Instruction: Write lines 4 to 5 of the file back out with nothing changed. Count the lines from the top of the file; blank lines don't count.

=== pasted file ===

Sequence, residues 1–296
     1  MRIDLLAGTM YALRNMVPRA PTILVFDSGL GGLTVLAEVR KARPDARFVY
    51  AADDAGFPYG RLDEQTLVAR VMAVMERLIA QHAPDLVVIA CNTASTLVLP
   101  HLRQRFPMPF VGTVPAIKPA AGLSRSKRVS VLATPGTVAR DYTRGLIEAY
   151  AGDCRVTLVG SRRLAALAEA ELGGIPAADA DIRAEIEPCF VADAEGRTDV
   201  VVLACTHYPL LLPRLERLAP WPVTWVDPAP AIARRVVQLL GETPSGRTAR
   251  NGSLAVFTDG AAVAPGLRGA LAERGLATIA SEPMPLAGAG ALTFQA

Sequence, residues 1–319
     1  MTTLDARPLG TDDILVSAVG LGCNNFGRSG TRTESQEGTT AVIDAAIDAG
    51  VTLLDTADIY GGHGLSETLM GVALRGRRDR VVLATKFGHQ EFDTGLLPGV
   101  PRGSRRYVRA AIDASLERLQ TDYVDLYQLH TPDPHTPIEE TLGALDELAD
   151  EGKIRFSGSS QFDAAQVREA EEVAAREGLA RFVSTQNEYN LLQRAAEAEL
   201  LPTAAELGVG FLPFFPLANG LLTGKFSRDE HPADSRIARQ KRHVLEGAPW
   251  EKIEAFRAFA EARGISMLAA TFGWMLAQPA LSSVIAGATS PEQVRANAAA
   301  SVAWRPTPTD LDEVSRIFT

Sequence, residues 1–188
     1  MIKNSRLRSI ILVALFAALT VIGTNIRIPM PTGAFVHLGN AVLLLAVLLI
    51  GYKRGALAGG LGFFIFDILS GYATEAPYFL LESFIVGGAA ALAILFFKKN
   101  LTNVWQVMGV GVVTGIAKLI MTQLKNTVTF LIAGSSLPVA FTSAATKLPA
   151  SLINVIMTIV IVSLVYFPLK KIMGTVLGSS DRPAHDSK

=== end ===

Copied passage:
   101  HLRQRFPMPF VGTVPAIKPA AGLSRSKRVS VLATPGTVAR DYTRGLIEAY
   151  AGDCRVTLVG SRRLAALAEA ELGGIPAADA DIRAEIEPCF VADAEGRTDV